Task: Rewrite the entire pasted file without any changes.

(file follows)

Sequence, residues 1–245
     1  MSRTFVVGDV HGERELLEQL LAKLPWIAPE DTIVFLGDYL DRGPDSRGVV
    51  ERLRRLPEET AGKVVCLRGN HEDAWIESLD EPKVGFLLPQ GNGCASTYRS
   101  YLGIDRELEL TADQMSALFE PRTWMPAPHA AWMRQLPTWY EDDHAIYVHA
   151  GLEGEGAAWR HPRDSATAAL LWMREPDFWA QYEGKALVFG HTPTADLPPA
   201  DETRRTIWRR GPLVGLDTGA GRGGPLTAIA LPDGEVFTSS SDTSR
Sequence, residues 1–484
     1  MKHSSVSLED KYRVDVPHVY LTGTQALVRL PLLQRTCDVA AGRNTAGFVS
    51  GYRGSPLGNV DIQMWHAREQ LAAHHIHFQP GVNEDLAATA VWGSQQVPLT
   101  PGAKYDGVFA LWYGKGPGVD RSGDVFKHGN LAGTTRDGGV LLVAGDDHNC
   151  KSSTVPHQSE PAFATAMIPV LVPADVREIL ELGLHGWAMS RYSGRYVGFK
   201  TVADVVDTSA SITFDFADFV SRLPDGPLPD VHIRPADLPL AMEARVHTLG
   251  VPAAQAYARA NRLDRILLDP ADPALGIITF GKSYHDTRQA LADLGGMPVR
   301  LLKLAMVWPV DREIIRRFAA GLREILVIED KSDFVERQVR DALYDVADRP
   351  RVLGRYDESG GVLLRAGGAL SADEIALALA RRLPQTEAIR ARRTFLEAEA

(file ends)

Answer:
Sequence, residues 1–245
     1  MSRTFVVGDV HGERELLEQL LAKLPWIAPE DTIVFLGDYL DRGPDSRGVV
    51  ERLRRLPEET AGKVVCLRGN HEDAWIESLD EPKVGFLLPQ GNGCASTYRS
   101  YLGIDRELEL TADQMSALFE PRTWMPAPHA AWMRQLPTWY EDDHAIYVHA
   151  GLEGEGAAWR HPRDSATAAL LWMREPDFWA QYEGKALVFG HTPTADLPPA
   201  DETRRTIWRR GPLVGLDTGA GRGGPLTAIA LPDGEVFTSS SDTSR
Sequence, residues 1–484
     1  MKHSSVSLED KYRVDVPHVY LTGTQALVRL PLLQRTCDVA AGRNTAGFVS
    51  GYRGSPLGNV DIQMWHAREQ LAAHHIHFQP GVNEDLAATA VWGSQQVPLT
   101  PGAKYDGVFA LWYGKGPGVD RSGDVFKHGN LAGTTRDGGV LLVAGDDHNC
   151  KSSTVPHQSE PAFATAMIPV LVPADVREIL ELGLHGWAMS RYSGRYVGFK
   201  TVADVVDTSA SITFDFADFV SRLPDGPLPD VHIRPADLPL AMEARVHTLG
   251  VPAAQAYARA NRLDRILLDP ADPALGIITF GKSYHDTRQA LADLGGMPVR
   301  LLKLAMVWPV DREIIRRFAA GLREILVIED KSDFVERQVR DALYDVADRP
   351  RVLGRYDESG GVLLRAGGAL SADEIALALA RRLPQTEAIR ARRTFLEAEA